Our generous friends in Georgia and South Carolina will not add among their assumptions that we know nothing of the South and Southern life. A residence of several years in those States, a connection with the press, and associations in public life, gave us opportunities which we did not lose, and have not lost sight of; and if we dipped deeper into the vicissitudes of life and law than they gave us credit for at the time, we trust they will pardon us, on the ground of interest in the welfare of the South.
Perhaps we should say, to support the true interests of the South, we should and must abandon many of those errors we so strenuously supported in years past; and thus we have taken up the subject of our book, based upon the practical workings of an infamous law, which we witnessed upon the individual whose name forms a part of the title.
Imprisoning a shipwrecked sailor, and making it a penal offence for a freeman to come within the limits of a republican State, whether voluntarily or involuntarily, seems to be considered commonplace, instead of barbarous in South Carolina. This may be accounted for by the fact that the power of a minority, created in wrong, requiring barbarous expedients to preserve itself intact, becomes an habitual sentiment, which usage makes right.
This subject has been treated with indifference, even by the press, which has satisfied itself in discussing the abstract right as a question of law, rather than by disclosing the sufferings of those who endure the wrong and injustice. When we are called upon to support, and are made to suffer the penalty of laws founded in domestic fear, and made subservient to various grades of injustice, it becomes our duty to localize the wrong, and to point out the odium which attaches to the State that enacts such laws of oppression.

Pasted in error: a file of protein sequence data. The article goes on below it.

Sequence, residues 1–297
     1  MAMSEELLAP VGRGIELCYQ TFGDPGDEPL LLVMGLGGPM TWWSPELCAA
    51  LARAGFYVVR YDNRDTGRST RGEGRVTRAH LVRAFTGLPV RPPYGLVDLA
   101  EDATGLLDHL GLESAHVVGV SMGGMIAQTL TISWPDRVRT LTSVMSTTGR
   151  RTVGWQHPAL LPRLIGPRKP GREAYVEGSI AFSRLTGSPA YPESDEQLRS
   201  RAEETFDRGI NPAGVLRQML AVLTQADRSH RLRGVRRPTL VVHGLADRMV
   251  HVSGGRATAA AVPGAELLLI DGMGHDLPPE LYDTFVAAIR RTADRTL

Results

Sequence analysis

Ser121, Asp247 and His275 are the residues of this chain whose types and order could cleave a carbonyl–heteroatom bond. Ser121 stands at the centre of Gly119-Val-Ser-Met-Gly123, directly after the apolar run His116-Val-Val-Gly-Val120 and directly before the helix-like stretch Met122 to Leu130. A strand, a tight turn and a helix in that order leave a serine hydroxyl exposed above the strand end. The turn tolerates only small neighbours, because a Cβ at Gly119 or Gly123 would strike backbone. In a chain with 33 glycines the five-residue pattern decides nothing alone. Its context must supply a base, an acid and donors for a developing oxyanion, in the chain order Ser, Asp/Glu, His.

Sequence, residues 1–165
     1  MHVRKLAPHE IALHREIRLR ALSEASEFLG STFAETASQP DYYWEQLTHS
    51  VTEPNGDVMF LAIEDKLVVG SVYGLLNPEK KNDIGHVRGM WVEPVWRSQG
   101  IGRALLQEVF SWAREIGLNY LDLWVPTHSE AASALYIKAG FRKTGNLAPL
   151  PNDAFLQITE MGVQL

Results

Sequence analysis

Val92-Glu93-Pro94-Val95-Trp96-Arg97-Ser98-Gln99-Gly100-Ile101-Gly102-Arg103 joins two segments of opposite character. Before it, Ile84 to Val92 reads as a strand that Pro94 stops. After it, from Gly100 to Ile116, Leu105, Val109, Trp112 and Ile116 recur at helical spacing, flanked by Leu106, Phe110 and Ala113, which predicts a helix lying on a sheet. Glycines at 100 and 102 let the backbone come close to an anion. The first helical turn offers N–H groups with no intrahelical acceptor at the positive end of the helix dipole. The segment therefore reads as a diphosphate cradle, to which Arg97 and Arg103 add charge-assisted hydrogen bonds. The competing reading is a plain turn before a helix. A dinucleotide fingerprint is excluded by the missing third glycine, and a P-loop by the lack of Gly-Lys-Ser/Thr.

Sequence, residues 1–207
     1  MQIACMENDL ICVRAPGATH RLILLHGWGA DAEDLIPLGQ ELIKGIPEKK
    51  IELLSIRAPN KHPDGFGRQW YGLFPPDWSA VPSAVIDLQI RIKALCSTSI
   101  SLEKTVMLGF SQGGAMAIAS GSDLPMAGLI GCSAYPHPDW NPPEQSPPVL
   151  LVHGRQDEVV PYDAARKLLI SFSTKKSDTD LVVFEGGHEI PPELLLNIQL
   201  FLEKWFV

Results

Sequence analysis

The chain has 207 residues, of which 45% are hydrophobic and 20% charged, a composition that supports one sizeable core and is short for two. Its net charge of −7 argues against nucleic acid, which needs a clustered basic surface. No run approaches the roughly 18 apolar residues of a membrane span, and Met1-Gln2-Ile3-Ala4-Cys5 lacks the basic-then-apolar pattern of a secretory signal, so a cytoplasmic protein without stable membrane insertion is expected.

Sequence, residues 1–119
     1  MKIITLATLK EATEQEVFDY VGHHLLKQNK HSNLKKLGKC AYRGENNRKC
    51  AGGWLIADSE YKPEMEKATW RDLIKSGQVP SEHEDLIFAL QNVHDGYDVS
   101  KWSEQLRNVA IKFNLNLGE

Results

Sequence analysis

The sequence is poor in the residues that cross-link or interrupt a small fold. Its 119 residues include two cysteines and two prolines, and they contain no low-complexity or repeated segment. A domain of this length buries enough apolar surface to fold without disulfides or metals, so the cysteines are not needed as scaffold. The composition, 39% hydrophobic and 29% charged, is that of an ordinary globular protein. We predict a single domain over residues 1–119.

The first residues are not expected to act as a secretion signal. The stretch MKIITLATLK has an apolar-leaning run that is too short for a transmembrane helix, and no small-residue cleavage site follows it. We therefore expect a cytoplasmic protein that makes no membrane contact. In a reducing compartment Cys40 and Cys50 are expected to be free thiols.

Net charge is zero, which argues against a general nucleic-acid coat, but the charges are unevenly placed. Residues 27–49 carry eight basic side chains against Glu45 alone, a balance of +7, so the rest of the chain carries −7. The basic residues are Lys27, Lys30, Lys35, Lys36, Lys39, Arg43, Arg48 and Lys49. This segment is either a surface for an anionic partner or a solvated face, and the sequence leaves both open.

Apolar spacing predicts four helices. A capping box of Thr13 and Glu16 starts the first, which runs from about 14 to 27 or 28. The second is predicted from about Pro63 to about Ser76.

A “peculiar-institution” absorbs and takes precedence of every thing; its protection has become a sacred element of legislative and private action; and fair discussion is looked upon as ominous, and proclaimed as incendiary. But we speak for those who owe no allegiance to that delicate institution; citizens to all intents and, purposes (notwithstanding their dark skins) of the countries to which they severally belong; peaceable persons, pursuing their avocations, to provide a respectable maintenance for their families, and worthy of the same protective rights claimed by the more fortunate citizens of such countries. In doing this we shall give a practical illustration of the imprisonment of four individuals in South Carolina, and ask those who speculate in the abstract science of State sovereignty, to reflect upon the issue of that lamentable injustice which inflicts punishment upon persons guiltless of crime. We prefer to be plain, and we know our Southern friends will not accuse us of misconstruction, for we have their interests at heart, as well as the cause of humanity, which we shall strive to promote, in spite of the struggles of modern barbarism, seeking to perpetuate itself. Fear, the inventor of such pretexts as are set up, and mantled in Southern modesty, must remodel its code for South Carolinians, before it can assert a power unknown to law, or trample upon the obligations of treaty, or enforce nullification of individual rights.